How to Calibrate a Dial Caliper
Calipers help operators measure tight dimensions accurately, which is critical to the overall integrity of parts in many manufacturing and construction-related industries. Applications for some industries, such as aerospace and semiconductor components, can require tolerances within 0.001 inch or tighter.
Failing to meet tolerances can result in possibly expensive part failures. Measurements with calipers and micrometers protect against improperly sized parts, but only if the operator can trust the measurements the tool provides. Operators must calibrate a dial caliper properly, before placing their full faith in the tool's accuracy.
Things You Will Need
- Clean cloth
- Gauge blocks
- 0.0001-inch accurate micrometer
Wipe the edges of gauge blocks, the jaws of the dial caliper and the flat anvil and spindle faces of a micrometer accurate to 0.0001 inch with a clean cloth. That will remove all residue or debris.
Calibrate for zero. Close the jaws of the caliper completely, but do not apply excess force. Check that the needle aligns with the "0" measurement on the dial. If necessary, loosen the locking screw securing the dial and rotate the bezel until the "0" marking aligns as perfectly as possible with the needle, then re-tighten the locking screw.
Calibrate for specific dimensions. Close the large outer jaws of the dial caliper gently but firmly around the edges of a 1-inch gauge block. Check that the caliper measures 1 inch.
Repeat with 4-inch and 8-inch gauge blocks, as well as a gauge block close to the final dimension of the product being measured.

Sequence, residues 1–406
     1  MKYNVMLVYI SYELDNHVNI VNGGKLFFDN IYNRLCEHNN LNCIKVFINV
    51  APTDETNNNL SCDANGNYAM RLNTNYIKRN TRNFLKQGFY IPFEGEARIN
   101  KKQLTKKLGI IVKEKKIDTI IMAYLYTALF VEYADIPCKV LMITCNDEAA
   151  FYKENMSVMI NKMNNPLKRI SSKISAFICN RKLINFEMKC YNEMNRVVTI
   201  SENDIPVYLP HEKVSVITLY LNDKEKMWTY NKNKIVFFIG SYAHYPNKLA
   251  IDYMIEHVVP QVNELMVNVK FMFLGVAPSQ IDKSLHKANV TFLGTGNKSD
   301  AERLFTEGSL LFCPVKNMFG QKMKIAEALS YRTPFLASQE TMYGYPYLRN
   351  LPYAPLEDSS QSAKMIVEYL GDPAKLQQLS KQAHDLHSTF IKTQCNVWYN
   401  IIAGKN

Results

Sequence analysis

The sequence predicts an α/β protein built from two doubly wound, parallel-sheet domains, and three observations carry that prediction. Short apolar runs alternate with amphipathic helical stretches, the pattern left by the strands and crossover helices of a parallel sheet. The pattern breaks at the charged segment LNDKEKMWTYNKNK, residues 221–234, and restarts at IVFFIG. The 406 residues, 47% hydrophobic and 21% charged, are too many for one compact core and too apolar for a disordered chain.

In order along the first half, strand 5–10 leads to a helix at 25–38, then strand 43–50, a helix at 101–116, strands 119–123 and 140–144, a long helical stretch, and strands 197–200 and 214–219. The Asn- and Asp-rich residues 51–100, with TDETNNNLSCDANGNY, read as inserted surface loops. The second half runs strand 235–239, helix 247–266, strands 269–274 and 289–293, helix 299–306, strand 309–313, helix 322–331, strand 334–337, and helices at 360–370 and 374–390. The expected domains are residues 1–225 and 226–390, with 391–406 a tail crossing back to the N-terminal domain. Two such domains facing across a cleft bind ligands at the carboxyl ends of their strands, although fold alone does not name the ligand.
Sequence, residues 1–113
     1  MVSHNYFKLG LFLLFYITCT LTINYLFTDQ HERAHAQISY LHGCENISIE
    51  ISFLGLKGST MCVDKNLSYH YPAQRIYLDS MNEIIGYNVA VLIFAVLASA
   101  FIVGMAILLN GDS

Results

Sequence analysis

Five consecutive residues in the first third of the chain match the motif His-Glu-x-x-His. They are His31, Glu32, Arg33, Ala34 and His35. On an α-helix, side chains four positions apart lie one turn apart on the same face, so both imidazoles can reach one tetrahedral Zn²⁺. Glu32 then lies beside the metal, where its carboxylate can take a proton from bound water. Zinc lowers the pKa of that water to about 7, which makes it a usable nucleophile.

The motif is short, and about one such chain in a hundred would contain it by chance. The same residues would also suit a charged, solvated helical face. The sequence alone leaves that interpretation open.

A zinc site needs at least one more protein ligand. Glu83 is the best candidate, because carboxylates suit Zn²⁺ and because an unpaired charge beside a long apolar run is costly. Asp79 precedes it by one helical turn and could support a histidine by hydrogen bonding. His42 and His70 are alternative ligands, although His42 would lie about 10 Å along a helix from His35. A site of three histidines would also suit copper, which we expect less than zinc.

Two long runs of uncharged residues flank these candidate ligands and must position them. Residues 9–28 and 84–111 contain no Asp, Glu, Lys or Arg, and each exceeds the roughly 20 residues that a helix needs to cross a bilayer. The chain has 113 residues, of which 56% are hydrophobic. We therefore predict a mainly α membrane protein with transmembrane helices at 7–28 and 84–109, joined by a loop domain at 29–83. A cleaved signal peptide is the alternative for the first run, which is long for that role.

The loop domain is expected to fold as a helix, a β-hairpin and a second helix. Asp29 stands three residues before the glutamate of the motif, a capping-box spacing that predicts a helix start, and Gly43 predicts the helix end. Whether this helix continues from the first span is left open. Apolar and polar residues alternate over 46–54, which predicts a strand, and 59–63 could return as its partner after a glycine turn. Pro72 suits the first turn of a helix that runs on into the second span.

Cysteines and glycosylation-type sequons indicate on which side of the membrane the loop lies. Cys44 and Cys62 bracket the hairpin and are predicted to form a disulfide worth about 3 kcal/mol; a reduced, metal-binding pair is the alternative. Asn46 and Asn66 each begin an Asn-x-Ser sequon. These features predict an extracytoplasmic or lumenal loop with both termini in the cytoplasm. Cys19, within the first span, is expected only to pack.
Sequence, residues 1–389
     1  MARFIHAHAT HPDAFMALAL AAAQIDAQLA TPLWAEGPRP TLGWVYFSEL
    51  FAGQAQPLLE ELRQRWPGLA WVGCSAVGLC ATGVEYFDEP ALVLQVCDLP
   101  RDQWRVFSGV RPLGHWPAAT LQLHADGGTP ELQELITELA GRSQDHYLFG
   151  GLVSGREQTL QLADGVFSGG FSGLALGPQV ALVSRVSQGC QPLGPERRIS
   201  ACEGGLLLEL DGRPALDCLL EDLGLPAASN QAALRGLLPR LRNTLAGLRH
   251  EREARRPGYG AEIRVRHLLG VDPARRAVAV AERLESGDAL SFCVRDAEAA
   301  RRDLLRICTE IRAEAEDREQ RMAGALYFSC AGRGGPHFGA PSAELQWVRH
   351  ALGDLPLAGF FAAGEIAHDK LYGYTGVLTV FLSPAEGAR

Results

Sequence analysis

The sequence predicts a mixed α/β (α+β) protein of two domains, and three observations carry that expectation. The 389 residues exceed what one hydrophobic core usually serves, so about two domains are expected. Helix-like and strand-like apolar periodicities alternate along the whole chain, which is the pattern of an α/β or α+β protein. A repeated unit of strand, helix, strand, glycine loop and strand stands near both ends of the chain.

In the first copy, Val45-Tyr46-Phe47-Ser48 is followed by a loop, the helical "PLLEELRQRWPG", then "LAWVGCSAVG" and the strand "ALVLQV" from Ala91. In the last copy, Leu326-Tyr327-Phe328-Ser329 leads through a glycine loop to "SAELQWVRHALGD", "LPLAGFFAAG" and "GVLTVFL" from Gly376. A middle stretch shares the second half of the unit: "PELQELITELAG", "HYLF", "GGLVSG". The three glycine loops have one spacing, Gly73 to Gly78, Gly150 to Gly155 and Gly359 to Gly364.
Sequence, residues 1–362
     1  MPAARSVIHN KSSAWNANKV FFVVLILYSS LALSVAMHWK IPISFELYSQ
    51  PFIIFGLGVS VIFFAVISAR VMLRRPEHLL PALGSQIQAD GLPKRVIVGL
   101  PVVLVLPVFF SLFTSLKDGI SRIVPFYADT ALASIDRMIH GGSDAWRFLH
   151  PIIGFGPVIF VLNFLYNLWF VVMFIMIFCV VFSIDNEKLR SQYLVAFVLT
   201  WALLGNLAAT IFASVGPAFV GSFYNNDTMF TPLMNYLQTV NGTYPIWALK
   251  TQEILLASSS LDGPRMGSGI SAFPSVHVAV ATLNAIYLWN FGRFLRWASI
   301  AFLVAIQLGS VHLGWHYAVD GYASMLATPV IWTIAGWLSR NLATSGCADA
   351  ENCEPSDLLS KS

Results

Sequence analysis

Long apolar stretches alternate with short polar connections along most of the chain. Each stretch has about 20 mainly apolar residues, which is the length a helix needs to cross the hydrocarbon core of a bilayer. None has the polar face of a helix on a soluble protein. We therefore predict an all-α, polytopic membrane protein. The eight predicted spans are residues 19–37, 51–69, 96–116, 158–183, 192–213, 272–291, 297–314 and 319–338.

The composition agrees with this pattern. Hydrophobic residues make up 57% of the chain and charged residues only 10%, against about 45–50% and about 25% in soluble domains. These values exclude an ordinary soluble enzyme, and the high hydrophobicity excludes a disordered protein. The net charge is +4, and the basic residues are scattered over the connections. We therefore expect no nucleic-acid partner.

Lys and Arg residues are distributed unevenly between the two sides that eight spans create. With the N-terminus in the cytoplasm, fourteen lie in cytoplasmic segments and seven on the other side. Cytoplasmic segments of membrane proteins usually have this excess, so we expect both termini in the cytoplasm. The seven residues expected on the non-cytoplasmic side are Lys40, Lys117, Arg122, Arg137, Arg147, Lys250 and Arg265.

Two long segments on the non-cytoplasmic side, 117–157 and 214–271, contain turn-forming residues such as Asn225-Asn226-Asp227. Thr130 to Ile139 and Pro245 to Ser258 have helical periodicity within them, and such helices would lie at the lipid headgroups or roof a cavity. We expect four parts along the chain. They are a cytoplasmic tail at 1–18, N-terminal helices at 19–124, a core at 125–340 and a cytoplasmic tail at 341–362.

Allow accuracy variations of up to 0.001 inch in the first 4 inches of the caliper, 0.0015 inch in the 4- to 8-inch range, and 0.002 inch from 8 to 12 inches. Mentally compensate for the variation in any measurements.
Set a micrometer at 1 inch. Close the anvil and spindle of a micrometer with 0.0001-inch accuracy around a 1-inch gauge block. Tighten the micrometer's locking screw or dial. Slip the gauge block free while keeping the micrometer's spindle locked at exactly 1 inch.
Measure the distance between the micrometer's anvil and spindle, using the small inner jaws located at the top of the dial calipers. Check that the dial caliper measures the 1-inch distance accurately.
Test the calipers with 4- and 8-inch micrometers if they are available. Use the same procedure you used to test the calipers with a micrometer set at 1 inch.
Lay differently sized gauge blocks next to one another to create longer lengths if necessary. Apply a small amount of lubrication to the edges of the gauge blocks, then slide the blocks together to form a tight seal. In this manner, a 4-inch, 3-inch and 1-inch gauge block can be combined to form an 8-inch block. Stop using a caliper that fails to meet calibration. Only use a micrometer with 0.0001-inch accuracy to help calibrate. Calipers are accurate to within 0.001 inch, and tools should be calibrated using a standard at least 10 times more accurate than the tool being calibrated.
The Drip Cap
- Calipers help operators measure tight dimensions accurately, which is critical to the overall integrity of parts in many manufacturing and construction-related industries.
- Measurements with calipers and micrometers protect against improperly sized parts, but only if the operator can trust the measurements the tool provides.
- Close the anvil and spindle of a micrometer with 0.0001-inch accuracy around a 1-inch gauge block.
- Tighten the micrometer's locking screw or dial.
- Test the calipers with 4- and 8-inch micrometers if they are available.
Brad Chacos started writing professionally in 2005, specializing in electronics and technology. His work has appeared in Salon.com, Gizmodo, "PC Gamer," "Maximum PC," CIO.com, DigitalTrends.com, "Wired," FoxNews.com, NBCNews.com and more. Chacos is a frequent contributor to "PCWorld," "Laptop Magazine" and the Intuit Small Business Blog.
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- Jupiterimages/Comstock/Getty Images